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Video: Foursquare’s Rise as the Location Layer, Part II

This is the latest in LSA’s Video Vault series. Running semi-weekly, it examines selected conference talks and video clips, including embedded video and key takeaways. Speakers’ opinions are their own. Check out the entire series here.


Foursquare has performed a magic trick. It went from a consumer-facing web 2.0 darling to a behind-the-scenes data powerhouse. And though it’s mostly known in popular culture as that check-in app from 2009, it’s now found ample footing (read: revenue) in the B2B location-intelligence world.

Following our Foursquare deep dive in Part I of this series, Co-founder Dennis Crowley took the stage at TechCrunch Disrupt to announce a big update to its Pilgrim SDK (video below). As we examined in Part I, Pilgrim lets Foursquare’s partners location-enable their apps and become smarter in the process.

“One of the things that we’re most proud of in terms of our technology and data assets is this thing called Pilgrim,” said Crowley. “Pilgrim is this piece of technology that has taken us, gosh, almost like five or six years to build. It’s a couple of lines of code that you can put in an app, and then that app becomes aware of where it is. So we’ve packaged this up in something called the pilgrim SDK and we’ve been sharing it with a few select developers on the enterprise side… When that app goes into a retail shop, walks through a mall, or walks through a city, it can understand ‘I’m in a bakery, I’m in a Nike store, I’m in a coffee shop called Starbucks. Have I been here before? Is this place familiar to me?’ So we think this is one foundational building block of contextual aware services.”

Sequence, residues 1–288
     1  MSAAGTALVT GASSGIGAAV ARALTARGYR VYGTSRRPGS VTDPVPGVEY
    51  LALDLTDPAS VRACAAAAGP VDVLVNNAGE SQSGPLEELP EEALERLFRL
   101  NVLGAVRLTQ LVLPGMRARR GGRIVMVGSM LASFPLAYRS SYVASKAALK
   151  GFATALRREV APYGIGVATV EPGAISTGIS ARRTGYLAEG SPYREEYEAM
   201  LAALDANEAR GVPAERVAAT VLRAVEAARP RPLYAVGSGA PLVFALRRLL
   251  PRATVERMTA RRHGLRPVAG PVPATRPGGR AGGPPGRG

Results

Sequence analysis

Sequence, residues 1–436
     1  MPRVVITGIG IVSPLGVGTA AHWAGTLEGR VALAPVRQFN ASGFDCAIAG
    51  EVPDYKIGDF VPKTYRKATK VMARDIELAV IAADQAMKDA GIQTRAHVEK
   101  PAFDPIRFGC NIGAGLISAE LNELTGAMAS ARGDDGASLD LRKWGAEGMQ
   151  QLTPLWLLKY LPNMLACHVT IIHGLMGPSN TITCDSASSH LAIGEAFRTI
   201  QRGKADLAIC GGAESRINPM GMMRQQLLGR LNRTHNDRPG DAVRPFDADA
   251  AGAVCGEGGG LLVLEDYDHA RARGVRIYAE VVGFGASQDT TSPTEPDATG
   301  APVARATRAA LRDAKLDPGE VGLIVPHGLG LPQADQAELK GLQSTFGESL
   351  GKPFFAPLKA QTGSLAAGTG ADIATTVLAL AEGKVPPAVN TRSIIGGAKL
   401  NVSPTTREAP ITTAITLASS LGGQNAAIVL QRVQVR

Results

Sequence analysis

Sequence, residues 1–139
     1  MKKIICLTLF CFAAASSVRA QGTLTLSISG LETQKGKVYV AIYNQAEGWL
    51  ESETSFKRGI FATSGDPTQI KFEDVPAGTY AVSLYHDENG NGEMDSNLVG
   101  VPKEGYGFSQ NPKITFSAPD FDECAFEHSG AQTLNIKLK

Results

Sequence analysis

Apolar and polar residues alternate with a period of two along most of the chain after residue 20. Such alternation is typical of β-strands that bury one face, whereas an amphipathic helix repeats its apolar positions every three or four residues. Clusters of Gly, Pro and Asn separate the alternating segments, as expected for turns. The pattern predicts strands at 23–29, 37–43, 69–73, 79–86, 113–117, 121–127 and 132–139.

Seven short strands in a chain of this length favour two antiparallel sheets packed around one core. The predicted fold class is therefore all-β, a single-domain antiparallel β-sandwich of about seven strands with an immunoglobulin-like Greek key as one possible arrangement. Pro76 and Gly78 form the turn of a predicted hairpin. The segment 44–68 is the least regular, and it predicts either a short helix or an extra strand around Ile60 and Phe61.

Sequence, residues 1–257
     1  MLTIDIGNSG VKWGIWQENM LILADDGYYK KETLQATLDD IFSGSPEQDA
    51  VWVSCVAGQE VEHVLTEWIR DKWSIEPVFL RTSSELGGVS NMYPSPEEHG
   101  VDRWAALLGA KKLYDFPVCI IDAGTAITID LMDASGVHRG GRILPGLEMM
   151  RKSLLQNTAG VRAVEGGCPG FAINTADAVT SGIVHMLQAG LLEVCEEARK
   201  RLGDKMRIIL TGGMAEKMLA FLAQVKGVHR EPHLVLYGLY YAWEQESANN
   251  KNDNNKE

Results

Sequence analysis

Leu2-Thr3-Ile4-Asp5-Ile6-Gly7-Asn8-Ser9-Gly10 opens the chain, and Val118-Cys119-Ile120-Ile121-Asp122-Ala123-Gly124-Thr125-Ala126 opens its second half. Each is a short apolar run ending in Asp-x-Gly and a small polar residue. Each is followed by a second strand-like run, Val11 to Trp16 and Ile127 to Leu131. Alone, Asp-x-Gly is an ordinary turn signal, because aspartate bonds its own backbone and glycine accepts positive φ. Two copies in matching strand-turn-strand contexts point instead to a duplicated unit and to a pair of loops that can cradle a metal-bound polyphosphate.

The new news is that the Pilgrim SDK now has a free tier. Per Crowley’s comments above, it was previously available to large enterprise partners, but this opens it up to smaller developers. They now get most of the Pilgrim functionality but are capped at a certain amount of usage, as is common for SDKs.

“The thing that we’re here to announce today is that this piece of technology that we’ve worked so hard to build over so many years and we’ve kept very very close to us, we’re finally releasing it for everyone to use as a free tier. So today we’re releasing the pilgrim SDK available to all developers. People can jump in start to play with this, put it in their apps entirely free to use [including] unlimited geofences and free for up to a hundred thousand MAUs.”

The free tier should widen the funnel for Foursquare and tap into a long-tail. This means cultivating potential paying users as they grow, but also aggregating more location data sources. Overall, it aligns with Foursquare’s goal to be the “location layer,” and work towards a future where apps are location-smart.

“We’ve got so much technology and data over the last ten years or so, and we have this vision of the future of apps that change based upon where you take them [or] where they’ve been, where your phone has been… The thing I’m most excited about is to take this technology and give it to as many developers as possible and see what people end up doing with it, whether they’re making exercise or fitness apps, financial money tracking apps, health and wellness apps, [or] game developers. There are just so many things that you can do in order to build apps that change based upon where you use them.”

See the full interview below


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